When Sales Met Marketing …

When Sales Met Marketing …:
from Jonathan Farrington's Blog 

You must admit – and I should apologize for repeating myself as often as I do – it does seem as though everyone’s focus these days is on creating new leads, which is understandable … to a degree.
And not unnaturally, few marketers will question the value of sales leads however they are generated, but the reality is that a poorly integrated lead generation program can actually reduce the overall productivity of a sales-force.
This is a true story about one of my clients from a few years ago, and only the company name has been changed …..
The case of Newco & Co. illustrates the phenomenon: Newco manufacture a range of specialist industrial washroom equipment; they offer service contracts to maintain the equipment and supply their wide range of hygiene disposable products.
The market combines extreme competitiveness with a marked lack of glamor; therefore Newco have chosen to dedicate a specialist sales-force to concentrate on opening up new accounts – to be subsequently serviced by their operations division.
Their objective with this structure is to obtain the widest national distribution for their equipment (which includes dispensing machines) The bigger the ‘population’ of their equipment, the more they sell of consumable hygiene products – the major profit opportunity for their business.
The sales-force of 50 specialist equipment consultants and key account executives is divided into eight geographical regions, each managed by an area manager under the control a national sales manager.
In the course of many years’ experience in direct marketing Newco have explored most techniques of combining brand-building with lead generation to support their sales-force and large distributor network. Direct mail, via an extremely high-class magazine, has long represented a sizeable proportion of their advertising and promotion budget; and they are now confident of their ability to generate leads very cost-effectively.
Maintaining a high level of salesforce productivity remains an essential ingredient in staying at the top of the hygiene market. Nevertheless, about two years ago, Newco began to seriously question the role of sales lead generation in their marketing mix.
The basic problem was that they had become too good at generating leads. The overall cost per lead was fine, but this was not being matched by a correspondingly economical cost per sale. Indeed, cost per sale was initially rising due, it had been assumed, to poor feedback of results by the sales-force.
Dissatisfaction with the lead generation program came to a head when senior sales management began to re-structure the salesforce and to devolve greater accountability to sales managers at area or first line level. Sales managers complained that the influx of leads was actually reducing sales force productivity. Their careful work-plans to maximize the time salespeople spent face-to-face with prospective customers, on which their high performance depended, were being disrupted by the sheer quantity and often random geography of the enquiries demanding their attention.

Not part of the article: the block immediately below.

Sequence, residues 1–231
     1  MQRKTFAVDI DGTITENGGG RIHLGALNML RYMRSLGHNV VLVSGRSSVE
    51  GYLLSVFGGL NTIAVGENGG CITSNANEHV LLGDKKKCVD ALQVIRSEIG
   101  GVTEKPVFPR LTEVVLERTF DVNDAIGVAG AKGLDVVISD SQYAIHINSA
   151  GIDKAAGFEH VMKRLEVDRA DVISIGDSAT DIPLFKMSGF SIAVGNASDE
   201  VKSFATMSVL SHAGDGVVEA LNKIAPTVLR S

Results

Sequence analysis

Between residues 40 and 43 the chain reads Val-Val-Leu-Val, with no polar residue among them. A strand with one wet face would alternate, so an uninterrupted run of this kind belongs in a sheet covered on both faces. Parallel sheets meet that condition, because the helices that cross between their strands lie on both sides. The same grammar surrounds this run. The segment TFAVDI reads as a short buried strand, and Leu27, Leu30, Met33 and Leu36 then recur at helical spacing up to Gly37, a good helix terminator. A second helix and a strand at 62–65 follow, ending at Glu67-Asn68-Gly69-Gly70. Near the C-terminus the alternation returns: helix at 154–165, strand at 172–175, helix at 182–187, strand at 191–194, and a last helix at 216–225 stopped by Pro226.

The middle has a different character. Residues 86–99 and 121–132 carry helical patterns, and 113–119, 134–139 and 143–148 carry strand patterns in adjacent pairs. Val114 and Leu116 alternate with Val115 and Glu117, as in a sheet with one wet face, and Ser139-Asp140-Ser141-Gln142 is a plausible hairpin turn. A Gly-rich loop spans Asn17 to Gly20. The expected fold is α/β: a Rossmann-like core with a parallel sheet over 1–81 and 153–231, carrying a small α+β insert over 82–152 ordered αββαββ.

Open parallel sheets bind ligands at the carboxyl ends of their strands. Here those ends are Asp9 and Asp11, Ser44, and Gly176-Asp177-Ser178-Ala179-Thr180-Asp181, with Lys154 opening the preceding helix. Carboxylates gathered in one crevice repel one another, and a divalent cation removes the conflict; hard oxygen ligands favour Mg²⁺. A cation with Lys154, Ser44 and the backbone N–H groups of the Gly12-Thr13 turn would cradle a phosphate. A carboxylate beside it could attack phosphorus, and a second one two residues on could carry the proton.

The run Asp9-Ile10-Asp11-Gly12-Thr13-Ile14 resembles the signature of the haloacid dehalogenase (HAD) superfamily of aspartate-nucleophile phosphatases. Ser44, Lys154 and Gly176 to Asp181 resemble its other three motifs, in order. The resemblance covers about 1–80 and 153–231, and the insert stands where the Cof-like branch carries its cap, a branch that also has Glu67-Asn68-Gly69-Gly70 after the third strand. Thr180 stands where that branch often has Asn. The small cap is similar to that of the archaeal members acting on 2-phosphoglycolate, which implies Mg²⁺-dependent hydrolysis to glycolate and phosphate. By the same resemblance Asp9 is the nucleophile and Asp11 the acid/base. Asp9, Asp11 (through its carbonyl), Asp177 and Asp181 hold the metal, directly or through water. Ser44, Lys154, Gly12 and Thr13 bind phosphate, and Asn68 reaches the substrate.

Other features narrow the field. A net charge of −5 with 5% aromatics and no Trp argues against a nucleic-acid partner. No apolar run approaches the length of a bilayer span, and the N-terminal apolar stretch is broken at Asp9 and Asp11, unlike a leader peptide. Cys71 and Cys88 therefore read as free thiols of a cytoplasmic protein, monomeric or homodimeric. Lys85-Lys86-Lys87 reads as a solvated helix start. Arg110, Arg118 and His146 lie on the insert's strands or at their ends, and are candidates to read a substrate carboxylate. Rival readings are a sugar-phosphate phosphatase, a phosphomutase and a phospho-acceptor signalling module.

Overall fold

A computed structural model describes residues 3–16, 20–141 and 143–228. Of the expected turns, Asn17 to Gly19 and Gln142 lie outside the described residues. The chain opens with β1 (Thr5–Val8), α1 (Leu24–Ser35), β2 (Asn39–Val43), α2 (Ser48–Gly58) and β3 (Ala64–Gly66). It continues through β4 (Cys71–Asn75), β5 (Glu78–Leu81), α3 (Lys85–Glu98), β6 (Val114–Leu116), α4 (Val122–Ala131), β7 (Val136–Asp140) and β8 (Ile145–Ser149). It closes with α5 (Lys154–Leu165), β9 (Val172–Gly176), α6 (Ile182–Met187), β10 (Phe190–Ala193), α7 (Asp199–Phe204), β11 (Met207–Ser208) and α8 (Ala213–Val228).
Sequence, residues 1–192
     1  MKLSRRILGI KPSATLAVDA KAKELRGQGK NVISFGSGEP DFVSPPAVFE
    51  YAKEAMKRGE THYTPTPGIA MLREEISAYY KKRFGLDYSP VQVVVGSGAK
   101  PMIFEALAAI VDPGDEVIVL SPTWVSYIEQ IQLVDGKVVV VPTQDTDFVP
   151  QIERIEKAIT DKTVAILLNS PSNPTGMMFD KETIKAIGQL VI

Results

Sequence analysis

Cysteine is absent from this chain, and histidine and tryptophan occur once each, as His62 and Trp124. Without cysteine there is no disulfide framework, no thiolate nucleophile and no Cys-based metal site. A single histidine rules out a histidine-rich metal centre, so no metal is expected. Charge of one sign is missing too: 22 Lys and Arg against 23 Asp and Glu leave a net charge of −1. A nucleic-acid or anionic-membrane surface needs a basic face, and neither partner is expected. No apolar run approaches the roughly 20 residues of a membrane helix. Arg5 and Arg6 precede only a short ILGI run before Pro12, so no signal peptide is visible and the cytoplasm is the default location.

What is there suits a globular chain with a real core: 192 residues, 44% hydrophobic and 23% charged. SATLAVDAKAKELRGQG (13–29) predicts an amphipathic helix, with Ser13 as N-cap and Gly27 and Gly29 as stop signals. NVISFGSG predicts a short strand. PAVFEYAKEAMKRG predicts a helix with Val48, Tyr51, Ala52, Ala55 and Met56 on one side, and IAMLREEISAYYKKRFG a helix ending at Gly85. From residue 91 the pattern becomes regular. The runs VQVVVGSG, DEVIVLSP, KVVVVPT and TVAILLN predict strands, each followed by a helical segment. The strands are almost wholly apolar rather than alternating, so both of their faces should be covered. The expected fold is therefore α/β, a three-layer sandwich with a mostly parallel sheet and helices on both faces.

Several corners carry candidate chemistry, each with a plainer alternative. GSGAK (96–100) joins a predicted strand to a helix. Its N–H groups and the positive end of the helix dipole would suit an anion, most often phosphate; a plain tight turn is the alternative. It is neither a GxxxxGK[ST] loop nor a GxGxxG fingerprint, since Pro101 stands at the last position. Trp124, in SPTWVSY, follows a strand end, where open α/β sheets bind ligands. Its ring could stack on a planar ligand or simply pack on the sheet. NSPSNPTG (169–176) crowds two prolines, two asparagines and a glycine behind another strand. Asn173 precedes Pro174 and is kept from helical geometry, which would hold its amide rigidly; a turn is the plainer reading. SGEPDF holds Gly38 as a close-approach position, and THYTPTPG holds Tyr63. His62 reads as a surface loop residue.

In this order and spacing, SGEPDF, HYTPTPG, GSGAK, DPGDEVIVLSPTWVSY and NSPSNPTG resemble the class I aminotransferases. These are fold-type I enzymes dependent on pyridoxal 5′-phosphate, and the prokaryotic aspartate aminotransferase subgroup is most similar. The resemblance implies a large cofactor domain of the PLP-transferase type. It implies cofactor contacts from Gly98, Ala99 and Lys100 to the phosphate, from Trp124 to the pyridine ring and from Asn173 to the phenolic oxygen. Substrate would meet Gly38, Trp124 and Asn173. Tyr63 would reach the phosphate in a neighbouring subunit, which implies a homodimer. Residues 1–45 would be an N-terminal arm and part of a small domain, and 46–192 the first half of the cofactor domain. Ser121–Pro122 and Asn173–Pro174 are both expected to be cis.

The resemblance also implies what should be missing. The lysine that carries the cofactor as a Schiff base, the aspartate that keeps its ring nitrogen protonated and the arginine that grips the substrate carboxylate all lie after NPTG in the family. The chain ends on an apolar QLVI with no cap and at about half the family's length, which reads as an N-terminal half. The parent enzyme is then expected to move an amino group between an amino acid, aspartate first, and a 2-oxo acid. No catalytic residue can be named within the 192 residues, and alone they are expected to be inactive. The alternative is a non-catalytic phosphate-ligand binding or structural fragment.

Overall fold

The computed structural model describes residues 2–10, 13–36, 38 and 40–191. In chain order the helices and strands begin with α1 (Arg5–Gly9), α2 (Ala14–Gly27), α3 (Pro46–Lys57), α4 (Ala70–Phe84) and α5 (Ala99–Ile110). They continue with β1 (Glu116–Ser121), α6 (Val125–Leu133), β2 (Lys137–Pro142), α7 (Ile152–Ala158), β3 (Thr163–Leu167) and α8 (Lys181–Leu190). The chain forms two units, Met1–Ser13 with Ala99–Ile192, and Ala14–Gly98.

At the same time leads were accounting for an unduly high proportion of total new business.
The other two main sources of the Newco’s sales consultant’s new business were:
o Sales created from his own prospecting (self-generated)
o Repeat and extension business sales from existing accounts.
Unchecked, undue reliance on leads generated by the marketing department would leave the sales-force vulnerable to the vagaries of the market and take control away from the salesperson.
Finally, Newco’s excellent sales training program (I say with all due modesty) notwithstanding, lead-dependence could also impede the development of salespeople into the account portfolio managers the company needed as the sales-force moved more and more into national and major account selling.
To restore the balance between self-generated and lead-generated sales, Newco set about creating a situation where leads would result in a net increase in sales productivity: if the maximum benefit was to be derived from Newco’s direct marketing activities, they had to be integrated with the sales management.
What was required, in short, was a flexible and dynamic database, geographically structured to the individual sales territories and regularly updated as the customer base grew. Both the sales-force and the marketing department would contribute input.
On the sales-force side there was the traditional problem: Each consultant would keep prospect records in his own unique filing system. When he was promoted or left the company, there was little organized prospect data to hand over to a successor who had, time-consumingly, to build up an entirely new prospect bank. Clearly, a method was needed of recording prospect data centrally. In addition, the rapid success of the national accounts function required a database to accept a great deal of account information, e.g. strategic profiles, political maps, subsidiary companies and trading terms, in order to coordinate account management.